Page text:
Edmonton, rejoice! Spring is finally here and every cook in the city is excited to be getting the new vegetables of the year! The very first thing to pop out of the soil is the humble and pungent ramp; a wonderfully aromatic cross between the flavors of garlic and green onion. Not only are they so beautiful with their thin white bulb blushing to dusty rose and finally finishing with two perfectly shaped, earthy green leaves, they can also be used in a myriad of different places in the kitchen. Can you tell I am a little in love?
The first year of Linnea, before we were even open, ramp season kicked in and my sous chef and I were so excited, we ordered 30 pounds of ramps to start pickling, fermenting, dehydrating and testing with, right there on my living room dining table. Little did I know, that smell would not leave my house for about a year, and every time they are delivered to the restaurant, I have to grin a little bit remembering those first few excited moments.
If you’ve never cooked with ramps before, you really should make a point of finding some at the farmer’s market and giving them a shot. Sauteed with fish, in butter, on toast, with eggs, chopped into pesto, give them all a try. If you’re a fan of garlic and spring onions, these are absolutely perfect for you!
This recipe is one we have put on the menu every spring and it’s all about simplicity and the quality of ingredients combined with simple technique anyone can achieve. The ramps can always be substituted out for other fresh ingredients (think wild mushrooms, asparagus, peas etc) to your liking or as the seasons change as well.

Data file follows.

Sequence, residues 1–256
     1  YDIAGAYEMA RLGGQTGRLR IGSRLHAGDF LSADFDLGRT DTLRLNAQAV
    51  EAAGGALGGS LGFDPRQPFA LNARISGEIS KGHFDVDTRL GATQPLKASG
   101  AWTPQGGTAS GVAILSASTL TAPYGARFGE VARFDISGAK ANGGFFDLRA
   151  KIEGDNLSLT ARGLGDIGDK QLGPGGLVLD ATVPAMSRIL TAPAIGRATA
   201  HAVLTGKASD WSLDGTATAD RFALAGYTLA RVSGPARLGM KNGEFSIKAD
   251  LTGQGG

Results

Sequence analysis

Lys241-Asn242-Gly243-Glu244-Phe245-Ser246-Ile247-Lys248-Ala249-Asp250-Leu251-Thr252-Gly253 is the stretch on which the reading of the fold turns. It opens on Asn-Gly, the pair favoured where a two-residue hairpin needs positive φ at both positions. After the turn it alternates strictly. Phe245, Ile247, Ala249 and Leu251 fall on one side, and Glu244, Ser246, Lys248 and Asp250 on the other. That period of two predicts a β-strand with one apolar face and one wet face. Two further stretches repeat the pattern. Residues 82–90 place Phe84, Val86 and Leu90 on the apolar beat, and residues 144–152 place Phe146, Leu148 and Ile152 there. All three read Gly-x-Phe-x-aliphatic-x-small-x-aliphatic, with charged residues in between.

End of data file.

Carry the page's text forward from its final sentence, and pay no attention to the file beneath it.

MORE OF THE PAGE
- 12 to 16 ramps, cleaned with the root ends neatly trimmed
- vegetable oil
- 6 eggs, best quality you can find
- 1 TBSP butter
- 1TBSP creme fraiche
- Salt and pepper, to taste
- 8 slices guanciale (or bacon if you can’t find, but the Italian Centre usually has some)
- 4 slices brioche, toasted
- chili oil, optional
On the flattop (or in a very hot pan) pour on some vegetable oil and place your cleaned ramps directly into the oil to get a nice char. The coloring really helps bring out some wonderful nutty characteristics of the little alliums. When nicely browned on one side, carefully flip them over and sprinkle with a bit of salt and finish cooking through, about 2 or 3 minutes a side. Place them aside to keep warm until plating.
Slice your brioche and gently toast on both sides to act as little vessels for all the egg and ramp goodness you are about to eat.
Crack your eggs into a small bowl and whisk to break them up. Melt your butter in a small saucepan until it is nice and foamy and pour in your eggs with the pot off the heat and a heatproof spatula nearby. It is really important to carefully control the temperature at this point; too hot and you have overcooked, scorched eggs, so keep them moving constantly while you move the pot in and out of the heat. Add your creme fraiche and your seasoning at this point and stir through. The cold creme fraiche will help arrest the cooking process a little, as well as provide nice rich fat and flavour to your eggs.
In a low bowl, scoop your eggs into the centre and place your ramps all around them in a ring. Next, lay your guanciale over top and add a crack of black pepper. Dot some chili oil around if you’re into the heat, and finally, finish with your nicely toasted brioche. You’re now ready to enjoy the perfect spring breakfast!